It’s something of a tradition to play board games and drink on Black Friday. It started when several of our numbers worked retail, and while none of us are stuck there anymore, it’s still something fun to do.
First up was Game of Thrones: The Iron Throne, the well, game. Specifically the one based on the HBO series. We enjoy the “fuck your friends over” sorts of games, and while we’re competitive, it’s all good natured. So, Game of Thrones was a lot of fun. Bit complicated setup, but once you’ve played a couple of times it flows really well. The game requires you to either lie, ask favors/alliances of other players, or be really aggressive. I have a really hard time with the first two when I’m playing with friends, so I usually fall back on aggressive. Each of the Houses has their own strength/style so if you want to succeed find the house that matches your play style.
House Stark is not aggressive.
The House Stark lost, twice.
Status quo was maintained. (I guess?)
A couple of the character powers seem a little unbalanced, but that may just be because I was on the receiving end of them and my friends had a better handle on strategy. The game requires 3 to 5 players, but personally I wouldn’t play with less than 4 as it very much felt like 2 against 1 with just 3 players.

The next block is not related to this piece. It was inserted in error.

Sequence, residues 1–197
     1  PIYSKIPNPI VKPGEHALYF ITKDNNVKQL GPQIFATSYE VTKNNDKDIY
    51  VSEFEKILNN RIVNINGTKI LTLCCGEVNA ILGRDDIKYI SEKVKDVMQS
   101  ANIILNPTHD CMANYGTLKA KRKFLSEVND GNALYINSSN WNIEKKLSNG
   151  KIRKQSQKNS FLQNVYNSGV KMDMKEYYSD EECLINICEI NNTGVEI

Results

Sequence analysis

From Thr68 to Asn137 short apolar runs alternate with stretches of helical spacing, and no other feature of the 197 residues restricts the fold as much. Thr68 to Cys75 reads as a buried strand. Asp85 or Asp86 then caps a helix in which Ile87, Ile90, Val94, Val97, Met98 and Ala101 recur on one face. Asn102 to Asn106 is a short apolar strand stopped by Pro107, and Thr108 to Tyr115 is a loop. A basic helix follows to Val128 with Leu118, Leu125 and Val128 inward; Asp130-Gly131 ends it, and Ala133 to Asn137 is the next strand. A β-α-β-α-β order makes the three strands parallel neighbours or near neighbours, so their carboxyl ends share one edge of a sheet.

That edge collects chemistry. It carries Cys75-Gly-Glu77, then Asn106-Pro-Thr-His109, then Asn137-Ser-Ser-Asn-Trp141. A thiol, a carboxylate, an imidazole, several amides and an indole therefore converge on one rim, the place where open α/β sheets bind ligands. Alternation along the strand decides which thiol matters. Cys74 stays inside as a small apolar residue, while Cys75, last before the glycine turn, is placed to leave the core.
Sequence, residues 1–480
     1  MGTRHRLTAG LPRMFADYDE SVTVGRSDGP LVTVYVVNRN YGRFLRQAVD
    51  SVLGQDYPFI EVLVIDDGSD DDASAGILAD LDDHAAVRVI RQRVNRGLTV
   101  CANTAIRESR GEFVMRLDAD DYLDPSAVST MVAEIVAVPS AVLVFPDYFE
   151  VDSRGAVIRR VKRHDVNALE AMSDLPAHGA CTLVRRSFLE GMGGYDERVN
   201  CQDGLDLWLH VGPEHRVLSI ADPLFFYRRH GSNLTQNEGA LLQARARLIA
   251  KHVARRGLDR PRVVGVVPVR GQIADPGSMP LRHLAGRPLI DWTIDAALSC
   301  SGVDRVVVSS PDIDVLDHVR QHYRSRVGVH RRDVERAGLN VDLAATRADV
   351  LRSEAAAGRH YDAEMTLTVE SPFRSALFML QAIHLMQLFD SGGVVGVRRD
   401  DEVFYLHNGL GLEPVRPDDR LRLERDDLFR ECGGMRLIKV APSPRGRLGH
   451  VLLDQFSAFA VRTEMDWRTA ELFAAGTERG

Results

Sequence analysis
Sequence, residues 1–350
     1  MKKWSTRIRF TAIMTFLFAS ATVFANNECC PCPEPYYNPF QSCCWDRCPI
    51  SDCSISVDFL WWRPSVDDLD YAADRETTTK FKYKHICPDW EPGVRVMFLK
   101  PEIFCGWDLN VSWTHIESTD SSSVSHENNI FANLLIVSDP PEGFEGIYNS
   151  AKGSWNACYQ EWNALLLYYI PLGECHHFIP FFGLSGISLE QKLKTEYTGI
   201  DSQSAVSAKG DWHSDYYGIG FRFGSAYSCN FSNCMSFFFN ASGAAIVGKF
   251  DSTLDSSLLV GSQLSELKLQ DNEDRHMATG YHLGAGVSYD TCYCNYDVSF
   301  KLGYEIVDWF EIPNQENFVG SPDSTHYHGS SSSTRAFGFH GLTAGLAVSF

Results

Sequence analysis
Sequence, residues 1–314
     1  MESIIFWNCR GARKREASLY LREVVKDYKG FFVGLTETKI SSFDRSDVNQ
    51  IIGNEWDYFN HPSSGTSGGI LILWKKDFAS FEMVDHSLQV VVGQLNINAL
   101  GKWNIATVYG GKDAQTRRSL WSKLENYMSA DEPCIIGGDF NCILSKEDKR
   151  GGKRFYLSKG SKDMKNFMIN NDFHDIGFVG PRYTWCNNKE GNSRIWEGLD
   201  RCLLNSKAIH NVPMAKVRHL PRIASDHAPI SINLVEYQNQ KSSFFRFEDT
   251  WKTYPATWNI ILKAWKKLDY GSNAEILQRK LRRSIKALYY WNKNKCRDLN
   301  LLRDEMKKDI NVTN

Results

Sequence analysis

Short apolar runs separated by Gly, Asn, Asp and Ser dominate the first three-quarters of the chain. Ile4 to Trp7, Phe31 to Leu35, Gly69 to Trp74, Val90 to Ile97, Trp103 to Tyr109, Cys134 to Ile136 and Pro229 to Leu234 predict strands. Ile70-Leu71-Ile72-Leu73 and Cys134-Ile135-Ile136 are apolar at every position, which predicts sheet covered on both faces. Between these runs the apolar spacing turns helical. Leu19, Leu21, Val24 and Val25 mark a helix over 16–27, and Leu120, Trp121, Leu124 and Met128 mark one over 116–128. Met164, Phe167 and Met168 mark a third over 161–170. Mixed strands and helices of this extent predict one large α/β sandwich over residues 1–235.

Once you understand how to play the game it’s perfectly possible to play it when you’re a couple Moscow mules in.
Once we’d played a couple rounds of Game of Thrones, we broke the seal on Oregon Trail the Card Game. I’d originally picked it up for my nieces and nephew thinking it’d be something we could play at Christmas, but I’m glad that I gave it a test run.
Oregon Trail was disappointing. The rules are ambiguous, there’s a sample play, but nothing that really spells out any sort of order of play. Both my friend Terry and I poured over the rules and were left scratching our heads. It took us a while to figure out that the game is a co-op but maybe also last man standing? We spent a lot of time just drawing cards trying to build the Trail and waiting for something to happen.
There’s supposedly videos of how to play, but one of my biggest pet peeves in boardgames right now is the tendency to send me to a video instead of just writing clear and concise instructions.
We won’t be playing it with the kids this Christmas because it was boring and the game play was slow. It basically cashed in on nostalgia and did little to actually make a challenging intelligent game. Also it required way too much table space.
You’re going to want to be several drinks in before you play this game, and even then it’s just not that fun.